Such is the ludicrous side of Jewish prophecy; yet it has also its serious and noble side. The prophets were always the tribunes of the people, the protectors of the poor. As the tyrant revelled in his palace on the taxes extorted from industrious peasants, a strange figure would descend from the mountains and, stalking to the throne, would stretch forth a lean and swarthy arm and denounce him in the name of Jehovah, and bid him repent, or the Lord´s wrath should fall upon him and dogs should drink his blood. In the first period of the Jewish life the prophets exercised these functions of censor and of tribune, and preached loyalty to the god who had brought them up out of Egypt with a strong hand. They were also intensely fanatical, and published Jehovah´s wrath not only against the king who was guilty of idolatry and vice, but also against the king who took a census, or imported horses, or made treaties of friendship with his neighbours. In the second period the prophets declared the unity of God and exposed the folly of idol-worship. They did even more than this. They opposed the ceremonial law, and preached the religion of the heart. They declared that God did not care for their Sabbaths and their festivals, and their new moons, and their prayers and church services and ablutions, and their sacrifices of meat and oil and of incense from Arabia and of the sweet cane from a far country. "Cease to do evil," said they; "learn to do well; relieve the oppressed; judge the fatherless; plead for the widow." It is certain that the doctrines of the great prophets were heretical. Jeremiah flatly declared that in the day that God brought them from the land of Egypt he did not command them concerning burnt-offerings or sacrifices, and this statement would be of historical value if prophets always spoke the truth.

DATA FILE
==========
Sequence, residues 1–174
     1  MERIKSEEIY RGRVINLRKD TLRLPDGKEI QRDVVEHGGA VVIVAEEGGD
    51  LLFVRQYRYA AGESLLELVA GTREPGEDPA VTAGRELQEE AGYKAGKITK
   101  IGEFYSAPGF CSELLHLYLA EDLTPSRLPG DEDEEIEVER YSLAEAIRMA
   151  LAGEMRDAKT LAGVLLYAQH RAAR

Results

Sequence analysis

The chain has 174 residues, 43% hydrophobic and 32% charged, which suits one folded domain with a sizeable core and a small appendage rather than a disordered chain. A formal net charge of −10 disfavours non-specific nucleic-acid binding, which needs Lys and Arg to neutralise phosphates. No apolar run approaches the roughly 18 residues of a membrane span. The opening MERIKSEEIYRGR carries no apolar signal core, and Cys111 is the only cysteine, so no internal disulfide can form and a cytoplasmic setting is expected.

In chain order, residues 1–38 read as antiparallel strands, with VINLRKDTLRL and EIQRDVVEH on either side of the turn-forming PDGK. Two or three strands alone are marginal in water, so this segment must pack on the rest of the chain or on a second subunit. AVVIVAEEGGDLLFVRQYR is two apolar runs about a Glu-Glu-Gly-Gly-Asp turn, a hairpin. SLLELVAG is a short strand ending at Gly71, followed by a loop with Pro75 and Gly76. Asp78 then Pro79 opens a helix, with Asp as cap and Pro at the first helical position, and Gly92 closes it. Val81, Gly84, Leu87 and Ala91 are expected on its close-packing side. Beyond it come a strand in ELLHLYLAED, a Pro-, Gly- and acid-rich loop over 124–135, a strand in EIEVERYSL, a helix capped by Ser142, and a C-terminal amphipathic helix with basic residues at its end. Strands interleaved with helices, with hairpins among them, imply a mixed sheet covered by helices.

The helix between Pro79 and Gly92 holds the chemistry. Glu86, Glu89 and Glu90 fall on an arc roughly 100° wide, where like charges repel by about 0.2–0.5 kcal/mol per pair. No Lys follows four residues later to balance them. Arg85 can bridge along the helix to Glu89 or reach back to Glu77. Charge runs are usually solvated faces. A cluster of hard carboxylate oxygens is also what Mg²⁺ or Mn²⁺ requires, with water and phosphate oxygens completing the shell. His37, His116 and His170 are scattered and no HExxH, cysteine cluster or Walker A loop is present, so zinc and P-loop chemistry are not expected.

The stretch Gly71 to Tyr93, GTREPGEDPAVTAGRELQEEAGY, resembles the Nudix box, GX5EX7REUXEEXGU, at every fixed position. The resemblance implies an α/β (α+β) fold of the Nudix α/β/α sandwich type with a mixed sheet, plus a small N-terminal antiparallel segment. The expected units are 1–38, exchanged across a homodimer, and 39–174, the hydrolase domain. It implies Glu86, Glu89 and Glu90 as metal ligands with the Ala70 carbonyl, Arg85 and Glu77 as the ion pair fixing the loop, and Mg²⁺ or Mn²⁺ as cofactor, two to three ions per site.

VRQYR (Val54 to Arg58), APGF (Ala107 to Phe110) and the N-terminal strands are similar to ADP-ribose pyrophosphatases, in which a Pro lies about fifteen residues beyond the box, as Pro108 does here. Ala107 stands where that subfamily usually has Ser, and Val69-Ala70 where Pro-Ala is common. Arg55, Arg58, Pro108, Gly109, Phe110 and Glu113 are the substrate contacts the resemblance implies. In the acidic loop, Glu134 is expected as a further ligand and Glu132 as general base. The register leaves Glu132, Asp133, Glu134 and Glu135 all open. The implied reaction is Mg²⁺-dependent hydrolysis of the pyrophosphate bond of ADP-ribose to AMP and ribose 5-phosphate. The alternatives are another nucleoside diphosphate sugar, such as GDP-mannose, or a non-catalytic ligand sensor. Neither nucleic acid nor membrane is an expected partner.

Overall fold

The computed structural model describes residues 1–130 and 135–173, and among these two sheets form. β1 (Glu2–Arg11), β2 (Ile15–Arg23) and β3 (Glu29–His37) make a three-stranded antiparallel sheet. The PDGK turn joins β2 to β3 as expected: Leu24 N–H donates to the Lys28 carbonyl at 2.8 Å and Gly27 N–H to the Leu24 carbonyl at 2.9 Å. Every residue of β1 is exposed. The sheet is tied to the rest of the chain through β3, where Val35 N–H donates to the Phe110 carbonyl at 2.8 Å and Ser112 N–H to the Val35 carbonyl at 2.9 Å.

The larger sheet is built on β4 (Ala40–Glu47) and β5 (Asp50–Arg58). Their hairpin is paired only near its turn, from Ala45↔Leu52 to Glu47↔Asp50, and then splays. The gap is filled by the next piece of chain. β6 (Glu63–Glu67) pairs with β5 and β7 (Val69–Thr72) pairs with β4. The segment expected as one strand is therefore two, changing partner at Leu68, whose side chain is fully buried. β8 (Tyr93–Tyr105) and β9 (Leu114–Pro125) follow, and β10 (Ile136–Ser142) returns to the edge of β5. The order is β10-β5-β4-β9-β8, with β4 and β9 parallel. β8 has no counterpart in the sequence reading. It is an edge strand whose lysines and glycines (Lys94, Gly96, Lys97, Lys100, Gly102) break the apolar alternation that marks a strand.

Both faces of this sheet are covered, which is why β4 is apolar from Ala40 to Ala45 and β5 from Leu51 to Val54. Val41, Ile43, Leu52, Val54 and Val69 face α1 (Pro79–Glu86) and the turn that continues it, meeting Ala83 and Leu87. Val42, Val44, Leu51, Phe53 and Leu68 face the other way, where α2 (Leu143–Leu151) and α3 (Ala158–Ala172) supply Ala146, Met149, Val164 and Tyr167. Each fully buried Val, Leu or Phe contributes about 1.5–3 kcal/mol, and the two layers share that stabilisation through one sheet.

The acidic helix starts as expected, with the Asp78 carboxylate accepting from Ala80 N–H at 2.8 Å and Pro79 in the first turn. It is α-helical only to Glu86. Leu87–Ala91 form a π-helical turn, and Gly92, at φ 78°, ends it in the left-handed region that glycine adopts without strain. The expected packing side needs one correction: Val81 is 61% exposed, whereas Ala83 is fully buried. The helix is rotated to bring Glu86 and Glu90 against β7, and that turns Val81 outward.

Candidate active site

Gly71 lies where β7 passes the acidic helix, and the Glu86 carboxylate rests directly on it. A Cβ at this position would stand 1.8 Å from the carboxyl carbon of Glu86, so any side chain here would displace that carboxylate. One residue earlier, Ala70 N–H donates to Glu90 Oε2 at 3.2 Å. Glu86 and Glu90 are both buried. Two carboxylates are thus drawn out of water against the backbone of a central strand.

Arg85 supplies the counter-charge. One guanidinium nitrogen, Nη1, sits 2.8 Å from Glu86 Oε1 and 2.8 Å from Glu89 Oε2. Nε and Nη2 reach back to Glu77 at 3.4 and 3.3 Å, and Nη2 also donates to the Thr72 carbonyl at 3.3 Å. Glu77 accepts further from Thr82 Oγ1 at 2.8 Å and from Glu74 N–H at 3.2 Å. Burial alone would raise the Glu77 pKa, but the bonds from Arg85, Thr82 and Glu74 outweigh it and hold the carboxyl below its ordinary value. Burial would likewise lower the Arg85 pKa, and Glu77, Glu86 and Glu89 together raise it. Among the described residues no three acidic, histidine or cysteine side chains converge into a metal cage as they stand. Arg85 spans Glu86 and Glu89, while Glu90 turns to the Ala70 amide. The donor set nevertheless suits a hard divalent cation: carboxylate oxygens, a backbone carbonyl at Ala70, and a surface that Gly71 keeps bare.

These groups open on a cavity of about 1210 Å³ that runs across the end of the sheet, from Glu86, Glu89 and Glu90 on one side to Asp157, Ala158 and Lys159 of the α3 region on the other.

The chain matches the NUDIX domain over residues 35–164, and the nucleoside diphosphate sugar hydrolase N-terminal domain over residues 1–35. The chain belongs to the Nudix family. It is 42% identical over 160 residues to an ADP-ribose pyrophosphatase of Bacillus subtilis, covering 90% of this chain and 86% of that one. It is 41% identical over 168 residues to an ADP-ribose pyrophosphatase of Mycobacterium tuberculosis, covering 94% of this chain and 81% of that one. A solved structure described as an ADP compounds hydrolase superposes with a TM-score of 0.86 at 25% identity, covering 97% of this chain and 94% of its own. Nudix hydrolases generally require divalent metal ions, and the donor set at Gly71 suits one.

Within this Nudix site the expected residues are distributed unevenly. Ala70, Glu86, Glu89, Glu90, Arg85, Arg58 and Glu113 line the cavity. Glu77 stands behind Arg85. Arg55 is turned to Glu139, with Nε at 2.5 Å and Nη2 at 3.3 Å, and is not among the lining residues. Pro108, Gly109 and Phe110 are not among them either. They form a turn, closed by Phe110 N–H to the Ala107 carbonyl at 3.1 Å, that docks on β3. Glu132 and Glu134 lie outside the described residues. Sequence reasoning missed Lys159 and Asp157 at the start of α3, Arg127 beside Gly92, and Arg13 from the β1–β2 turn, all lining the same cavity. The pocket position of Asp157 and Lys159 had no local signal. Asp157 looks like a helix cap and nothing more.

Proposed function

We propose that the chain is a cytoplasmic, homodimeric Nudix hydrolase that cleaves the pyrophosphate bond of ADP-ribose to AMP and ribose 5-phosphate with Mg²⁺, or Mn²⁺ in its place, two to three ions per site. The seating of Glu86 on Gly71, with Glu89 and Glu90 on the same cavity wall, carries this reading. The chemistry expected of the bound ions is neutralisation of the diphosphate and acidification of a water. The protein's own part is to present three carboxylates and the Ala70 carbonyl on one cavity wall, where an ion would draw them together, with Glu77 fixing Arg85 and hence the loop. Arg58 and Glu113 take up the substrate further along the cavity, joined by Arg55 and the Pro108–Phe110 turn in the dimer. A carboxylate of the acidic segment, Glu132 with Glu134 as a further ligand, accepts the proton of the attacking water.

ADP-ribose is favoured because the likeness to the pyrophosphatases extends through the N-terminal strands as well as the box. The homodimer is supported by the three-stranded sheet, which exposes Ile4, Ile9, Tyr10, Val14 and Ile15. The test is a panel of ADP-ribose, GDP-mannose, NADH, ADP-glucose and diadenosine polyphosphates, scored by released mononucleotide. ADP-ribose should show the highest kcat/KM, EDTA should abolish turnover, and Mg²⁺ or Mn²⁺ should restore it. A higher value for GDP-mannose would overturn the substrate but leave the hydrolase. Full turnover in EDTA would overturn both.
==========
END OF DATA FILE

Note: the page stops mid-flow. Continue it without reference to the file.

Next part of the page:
They were bitter adversaries of the kings and priests, and the consolers of the oppressed. "The Lord hath appointed me," says one whose oracles have been edited with those of Isaiah, but whose period was later and whose true name is not known, "the Lord hath appointed me to preach good tidings unto the meek; he that sent me to bind up the broken-hearted, to proclaim liberty to the captives, to give unto them that mourn beauty for ashes, the oil of joy for lamentation, the garment of praise for the spirit of heaviness."